A navy is a military organization with the principal mission of fighting from, above, or under water. Some of the basic naval missions go back to antiquity, while others, such as ballistic missile defense, are recent.
Navies vary in their geographic scope, the types of warfare missions they can conduct, and the types of ships and weapons they employ; see Navy/Related Articles for a detailed list.
Navies may be limited to the "brown water" of rivers and near the shore, the "green water" of the littoral including straits and confined international waters, and the "blue water" of the open ocean. The ability to operate in polar regions, including under the ice, is a special capability.
Power projection tends to imply blue-water capability. Relatively few navies can put a combat fleet anywhere in the world. Even with the great tradition of the Royal Navy, the 1982 Falklands War was a surprise when Britain fought the largest naval and amphibious operation in recent history, thousands of miles from home.
Littoral warfare is receiving the greatest attention today. Many techniques refined for blue-water operations in the Cold War are obsolescent; the North Atlantic is not likely to be a battle area. The Persian Gulf, Gulf of Aden, Strait of Malacca, and other confined waters are of critical interest.
Another reason for interest in the littoral is what the United States Navy calls its "from the sea" doctrine. Forces, including land forces delivered by amphibious warfare or aircraft and missiles operating from ships, do not need land bases and the associated complex diplomacy.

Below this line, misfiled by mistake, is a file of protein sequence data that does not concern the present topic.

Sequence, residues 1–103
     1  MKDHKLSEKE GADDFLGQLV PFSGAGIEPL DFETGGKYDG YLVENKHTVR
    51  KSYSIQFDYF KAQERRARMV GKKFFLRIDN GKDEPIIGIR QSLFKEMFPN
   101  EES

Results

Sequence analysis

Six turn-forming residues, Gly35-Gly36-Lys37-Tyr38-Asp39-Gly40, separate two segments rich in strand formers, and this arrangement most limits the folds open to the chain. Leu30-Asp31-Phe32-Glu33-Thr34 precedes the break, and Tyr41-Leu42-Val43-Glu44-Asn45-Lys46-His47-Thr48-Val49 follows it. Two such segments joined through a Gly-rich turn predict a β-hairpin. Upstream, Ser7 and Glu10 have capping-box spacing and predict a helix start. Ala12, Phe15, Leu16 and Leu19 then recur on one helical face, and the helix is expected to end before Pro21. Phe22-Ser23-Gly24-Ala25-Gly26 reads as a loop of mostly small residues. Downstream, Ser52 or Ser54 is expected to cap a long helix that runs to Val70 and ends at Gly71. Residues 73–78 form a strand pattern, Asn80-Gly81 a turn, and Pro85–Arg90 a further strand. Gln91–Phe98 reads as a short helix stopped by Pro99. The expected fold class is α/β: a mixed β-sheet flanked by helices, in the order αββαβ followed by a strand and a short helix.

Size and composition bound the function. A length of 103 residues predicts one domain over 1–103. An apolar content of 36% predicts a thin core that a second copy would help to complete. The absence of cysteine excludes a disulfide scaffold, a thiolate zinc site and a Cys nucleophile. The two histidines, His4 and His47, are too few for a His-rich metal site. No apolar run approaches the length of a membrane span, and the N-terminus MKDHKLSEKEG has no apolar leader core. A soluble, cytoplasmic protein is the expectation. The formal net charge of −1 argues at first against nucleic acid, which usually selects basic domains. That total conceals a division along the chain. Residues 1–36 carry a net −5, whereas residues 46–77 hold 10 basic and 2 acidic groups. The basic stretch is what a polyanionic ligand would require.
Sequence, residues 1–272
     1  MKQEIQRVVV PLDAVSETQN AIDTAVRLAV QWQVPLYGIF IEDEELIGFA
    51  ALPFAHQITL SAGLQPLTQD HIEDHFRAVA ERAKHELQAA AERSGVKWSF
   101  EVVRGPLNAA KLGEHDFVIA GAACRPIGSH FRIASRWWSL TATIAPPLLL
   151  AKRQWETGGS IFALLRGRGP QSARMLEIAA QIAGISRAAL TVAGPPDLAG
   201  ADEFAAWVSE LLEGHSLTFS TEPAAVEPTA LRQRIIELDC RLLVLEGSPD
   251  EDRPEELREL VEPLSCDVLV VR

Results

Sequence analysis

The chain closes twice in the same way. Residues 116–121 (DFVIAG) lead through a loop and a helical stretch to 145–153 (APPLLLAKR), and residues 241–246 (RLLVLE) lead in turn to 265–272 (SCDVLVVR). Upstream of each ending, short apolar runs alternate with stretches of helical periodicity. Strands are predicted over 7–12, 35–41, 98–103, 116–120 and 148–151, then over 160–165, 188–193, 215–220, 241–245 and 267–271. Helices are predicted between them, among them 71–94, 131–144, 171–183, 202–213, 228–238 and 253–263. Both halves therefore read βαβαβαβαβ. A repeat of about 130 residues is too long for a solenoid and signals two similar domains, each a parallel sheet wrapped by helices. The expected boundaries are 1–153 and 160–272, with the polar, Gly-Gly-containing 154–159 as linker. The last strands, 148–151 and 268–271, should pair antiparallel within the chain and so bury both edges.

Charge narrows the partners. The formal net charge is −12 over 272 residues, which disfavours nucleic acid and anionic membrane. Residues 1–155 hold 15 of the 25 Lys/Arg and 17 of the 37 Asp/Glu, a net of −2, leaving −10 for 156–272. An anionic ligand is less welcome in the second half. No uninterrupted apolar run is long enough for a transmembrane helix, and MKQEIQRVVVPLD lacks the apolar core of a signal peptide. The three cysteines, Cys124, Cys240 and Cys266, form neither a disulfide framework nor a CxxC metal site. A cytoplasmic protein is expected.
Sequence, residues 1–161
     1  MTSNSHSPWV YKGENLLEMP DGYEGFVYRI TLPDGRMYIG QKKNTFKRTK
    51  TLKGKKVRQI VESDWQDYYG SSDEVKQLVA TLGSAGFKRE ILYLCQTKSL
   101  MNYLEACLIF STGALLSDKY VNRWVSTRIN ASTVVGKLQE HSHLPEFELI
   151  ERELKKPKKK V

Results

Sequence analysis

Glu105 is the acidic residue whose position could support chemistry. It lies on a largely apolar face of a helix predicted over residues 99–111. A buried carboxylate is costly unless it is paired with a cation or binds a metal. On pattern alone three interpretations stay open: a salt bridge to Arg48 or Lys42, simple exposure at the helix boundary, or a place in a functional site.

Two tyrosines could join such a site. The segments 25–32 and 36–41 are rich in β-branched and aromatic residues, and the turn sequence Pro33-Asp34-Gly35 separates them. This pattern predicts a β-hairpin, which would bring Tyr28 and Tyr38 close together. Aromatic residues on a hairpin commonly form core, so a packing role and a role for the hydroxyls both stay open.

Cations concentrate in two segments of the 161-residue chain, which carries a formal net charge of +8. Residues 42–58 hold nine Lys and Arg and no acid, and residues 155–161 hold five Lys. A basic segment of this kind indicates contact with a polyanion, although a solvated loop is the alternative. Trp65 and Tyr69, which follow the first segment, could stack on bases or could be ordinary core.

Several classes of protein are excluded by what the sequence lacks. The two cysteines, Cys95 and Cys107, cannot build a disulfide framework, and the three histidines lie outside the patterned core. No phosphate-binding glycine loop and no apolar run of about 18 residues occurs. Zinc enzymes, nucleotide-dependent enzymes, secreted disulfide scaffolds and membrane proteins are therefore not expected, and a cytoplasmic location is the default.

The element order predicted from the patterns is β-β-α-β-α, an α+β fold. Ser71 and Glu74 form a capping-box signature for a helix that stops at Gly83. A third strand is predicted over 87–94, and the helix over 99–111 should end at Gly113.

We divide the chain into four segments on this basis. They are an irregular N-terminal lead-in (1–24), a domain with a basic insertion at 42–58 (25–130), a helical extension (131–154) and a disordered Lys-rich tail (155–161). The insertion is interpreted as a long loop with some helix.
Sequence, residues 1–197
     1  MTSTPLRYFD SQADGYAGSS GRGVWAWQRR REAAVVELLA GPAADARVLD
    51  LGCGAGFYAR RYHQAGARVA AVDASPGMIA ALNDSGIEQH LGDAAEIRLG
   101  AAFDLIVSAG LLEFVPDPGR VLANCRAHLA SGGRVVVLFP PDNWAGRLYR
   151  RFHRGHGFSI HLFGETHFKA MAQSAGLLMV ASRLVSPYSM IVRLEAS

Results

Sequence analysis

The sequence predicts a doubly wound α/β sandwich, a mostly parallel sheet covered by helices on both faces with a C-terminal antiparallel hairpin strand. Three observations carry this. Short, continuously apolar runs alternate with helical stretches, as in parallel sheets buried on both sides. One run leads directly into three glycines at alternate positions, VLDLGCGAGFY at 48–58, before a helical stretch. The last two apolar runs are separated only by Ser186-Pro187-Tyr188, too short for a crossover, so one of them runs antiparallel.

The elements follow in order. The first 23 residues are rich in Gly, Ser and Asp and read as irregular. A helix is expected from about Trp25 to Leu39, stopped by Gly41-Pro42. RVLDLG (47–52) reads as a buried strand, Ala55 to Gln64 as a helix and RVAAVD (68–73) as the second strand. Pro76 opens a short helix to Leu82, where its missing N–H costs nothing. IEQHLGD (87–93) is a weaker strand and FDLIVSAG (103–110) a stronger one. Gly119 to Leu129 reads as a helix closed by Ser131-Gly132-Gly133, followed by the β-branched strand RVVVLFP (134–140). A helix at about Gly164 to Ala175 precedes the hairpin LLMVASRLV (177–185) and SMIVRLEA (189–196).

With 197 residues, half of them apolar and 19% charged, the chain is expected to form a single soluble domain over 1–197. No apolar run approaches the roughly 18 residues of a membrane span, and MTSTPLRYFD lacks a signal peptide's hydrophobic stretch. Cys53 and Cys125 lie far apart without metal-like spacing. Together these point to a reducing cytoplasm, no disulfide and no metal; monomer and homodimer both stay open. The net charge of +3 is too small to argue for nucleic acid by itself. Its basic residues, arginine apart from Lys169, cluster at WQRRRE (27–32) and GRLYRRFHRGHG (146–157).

The United States Navy is, by far, the world's largest and most capable. While much smaller, the British Royal Navy consistently demonstrates excellent capabilities. With much smaller budgets than during the Soviet period, the training and maintenance of the Russian Federation Navy is uncertain. The French Navy is competent.
Some navies are expanding traditional roles. It is fairly clear that the Indian Navy is developing blue-water capability, at least in its region; it is second in opeational aircraft carriers, a measure of power projection, to the U.S. Navy. China's Peoples' Liberation Army Navy is developing more cautiously, experimenting with carriers but still basically a green-water force.
Within its region, the Japanese Maritime Self-Defense Force is quite capable, although under significant political and legal restrictions on taking aggressive action; it is deliberately not called a navy. Nevertheless, it has first-rate combatants, capable of ballistic missile defense and anti-submarine warfare, as a check on North Korea and China.
At its most basic, naval warfare takes place on, above, and below the surface of the water, as well as at the meeting of land and sea. Anti-surface warfare is the classic ship-to-ship mission, which can involve freedom of navigation and sea control as well as direct combat. Amphibious warfare starts from the surface although some air and underwater methods are used.
Mine warfare is just under the surface, although mines can be laid by aircraft, ships, and submarines.
Anti-submarine warfare, against both attack and missile submarines, involves surface, submarine, and aircraft platforms.